1. In the first of these cases, the plaintiff brought a suit on a promissory note dated the 15th June 1916 executed by one Balakrishna Chetty, deceased, to Appudayan, the deceased adoptive father of the plaintiff. The District Munsif dismissed the suit holding that the discharge alleged to be evidenced by Ex. I was proved.
2. The question was raised in this case as also in the connected S.A. No. 1700 of 1923 whether the plaintiff was in fact the adopted son of Appudayan, and by consent the evidence on this point taken in the other case was treated as evidence in this case before the District Munsif. It was contended by Mr. V.C. Seshachariar for the appellant that such a proceeding is wrong in law and the Vakils have no power to bind their clients by such a consent. The matter is, however, concluded by the Full Bench ruling in Jainab Bibi Saheba v. Hyderally Saheb 56 Ind. Cas. 957 : 43 M. 609 that the evidence recorded in a previous judicial proceeding between the same parties is made admissible in a sub-sequent proceeding by the consent of both parties. The suits were heard on the same day, and although the defendants were not the same in the other case, the question of adoption was common to the two cases and all the parties concerned presumably let in their evidence at one and the same time. As Coutts-Trotter, J., (as he then was) held in the case referred to, 'Consent can cure what would otherwise be a defective method of letting in evidence in its substance and context relevant and germane to the issues.' Both the Courts on the evidence of adoption given in the other case came to the conclusion that the adoption was true.
3. The next point is that the acting District Judge having disbelieved, as against the District Munsif Ex. I and having found that it is not genuine ought to have given the defendants an opportunity of letting in further evidence with regard to this Ex. I, as it was not challenged before the District Munsif. I am unable to see how the plaintiff could have challenged it there, as it was a matter of defence and all he could do naturally was to cross-examine the defendant's witnesses on it. Further Ex. I was supported by three witnesses, D. Ws. Nos. 1 to 3. The acting District Judge disbelieved these witnesses when they said that money was paid to the plaintiff. I think this point also fails.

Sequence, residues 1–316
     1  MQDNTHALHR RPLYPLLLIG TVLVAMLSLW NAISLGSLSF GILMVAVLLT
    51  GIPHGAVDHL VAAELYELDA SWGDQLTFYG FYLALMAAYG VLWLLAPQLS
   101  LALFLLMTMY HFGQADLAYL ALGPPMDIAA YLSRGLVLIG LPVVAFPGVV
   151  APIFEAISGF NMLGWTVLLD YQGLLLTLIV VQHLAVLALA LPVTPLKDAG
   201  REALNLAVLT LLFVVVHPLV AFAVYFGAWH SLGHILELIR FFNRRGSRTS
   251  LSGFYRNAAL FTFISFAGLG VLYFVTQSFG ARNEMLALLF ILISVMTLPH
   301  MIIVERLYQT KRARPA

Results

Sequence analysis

4. The most substantial point raised in this appeal is that there is nothing to show, on the, face of the suit on promissory note Ex. A that it was executed in favour of a managing member and it is contended that there must be something on the face of the document, to show that it is a family debt before the plaintiff can be absolved from the obligation of obtaining a certificate under Section 4 of the Succession Certificate Act. There are cases on both sides of the line. The appellant-defendant here has referred to a case in Venkataramanna v. Venkayya 5 Ind. Dec. 264, where it was held that a certificate in such a case was necessary unless there was something on the face of the bond to show that the debt was due to the joint family. It was held there that though Act VII of 1899 applied only to cases of succession, the preamble states that it is intended to afford protection to parties paying debts to the representatives of deceased persons. No authorities are referred to in the judgment. On the other hand, in a later case in Pallamraju v. Bapanna 8 Ind. Dec. 274, Shephard and Boddam, JJ., held that, as the family was admittedly undivided and the plaintiff claimed by survivorship, the Succession Certificate Act did not apply, following a similar case in Subramanian Chetti v. Rekku Sarvai 7 Ind. Dec. 165. In Pichaikuttia Pillai v. Ranganandan 28 M.L.J. 323 : 17 M.L.T. 264, Seshagiri Iyer, J., sitting as a Single Judge held that where the document stands in the name of an individual member and does not show on the face of it that the debt is due to the family, no certificate is necessary, in the case of a debt due to a Hindu joint family. The cases were all reviewed and in the absence of an authoritative ruling by the Full Bench I am bound by the later decisions of the Benches of this Court which Mr. Justice Seshagiri Iyer preferred. A further point is as to Ex. G. The District Munsif held that it constituted an assignment of the promissory note to the plaintiff; the District Judge held against this that it was only a record of proceedings. In this view he is, in my opinion, right.
5. The second appeal must be dismissed with costs.